MIRAMICHI, N.B. – Public Services Minister Judy Foote is laying some blame for problems with the government’s new Phoenix payroll system on inadequate training for staff who input information within each federal department.
“The human resources people and the finance officers in the various departments enter the information that is then processed by Phoenix and the employees here. Maybe we didn’t do a good enough job of making sure that the people in the departments were educated properly as to what was expected of them,” Foote said Wednesday.
She had just finished a tour of the centralized pay centre in Miramichi, N.B., and a meeting with employees.
More than 80,000 civil servants are facing pay issues, including 720 who have not been paid at all — in some cases for months.
Foote said 486 of those employees were paid Wednesday, but the rest will have to wait until the next pay period.
“The information is entered by departments, so if there was a name spelled wrong, or if there was a wrong address, then that would go back to the department. I’m told that has now been cleared up and they will be issued cheques on the next payroll,” she said.
The minister said the pay centre employees are doing their job well, and the centre will remain in Miramichi.
Chris Aylward, national vice-president of the Public Service Alliance of Canada, said the union has been saying all along that nothing was wrong with what the workers in Miramichi were doing.
“She’s finally catching on to that,” he said, referring to Foote. “They can talk about training and putting more phone lines into Miramichi, but until they actually come out and say there’s a problem with Phoenix, the system itself, then we’ll be talking about this for several months to come.”
Aylward said Foote has failed to deliver on her commitment to make sure all public servants were fully paid by this week.
“When the minister makes a commitment, you would think that it would be carried through,” he said. ” This is nothing new. This is their track record since February — absolutely horrendous. Evey week we hear a different story.”
Foote said employees at a temporary pay centre in Gatineau, Que., are working to handle the backlog.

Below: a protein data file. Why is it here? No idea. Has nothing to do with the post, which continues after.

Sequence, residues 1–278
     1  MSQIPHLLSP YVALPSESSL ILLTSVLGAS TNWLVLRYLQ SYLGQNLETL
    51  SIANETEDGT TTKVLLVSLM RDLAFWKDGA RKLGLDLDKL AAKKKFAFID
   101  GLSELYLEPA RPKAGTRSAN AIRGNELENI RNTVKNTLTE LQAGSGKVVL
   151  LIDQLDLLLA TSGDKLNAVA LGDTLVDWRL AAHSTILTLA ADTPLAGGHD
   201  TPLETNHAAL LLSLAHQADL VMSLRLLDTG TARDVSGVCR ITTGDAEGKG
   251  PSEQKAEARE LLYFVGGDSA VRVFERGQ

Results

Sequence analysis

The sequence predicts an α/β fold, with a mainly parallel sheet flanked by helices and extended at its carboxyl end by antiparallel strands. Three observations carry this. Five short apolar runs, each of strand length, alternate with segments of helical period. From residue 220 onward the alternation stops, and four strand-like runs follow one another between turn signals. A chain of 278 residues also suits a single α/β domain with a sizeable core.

“We are putting as many employees in place as we can in the temporary pay centre to deal with the backlog of issues so the employees here in Miramichi can do the job they were intended to do,” she said.
The software, which went into use this spring, was purchased by the previous Conservative government.
While government employees entering and leaving the pay centre in Miramichi weren’t commenting Wednesday, many government employees waiting to be paid — members of the Public Service Alliance of Canada — were venting on their union’s Facebook page.
“Those of us who are mere cogs in the wheel are not in a financial position to deal with this debacle … I never expected to be living in fear that I would have no roof over my head after doing my best for the people of Canada for nearly 30 years,” wrote one person.
“Just FIX it!!!,” wrote another.
Many people are complaining that they have been left in dire financial circumstances and are being forced to pay additional credit card interest and other bank charges.
When asked Wednesday if the government would compensate employees for the added expenses, Foote said she knows people are experiencing hardship and the government will have to look at every employee’s situation on a case by case basis.
A meeting of department officials, federal employees and union representatives is set for Thursday in Ottawa.
Prime Minister Justin Trudeau said last week that the clerk of the Privy Council, which advises him and his cabinet on government operations, would lead efforts to fix the payroll system.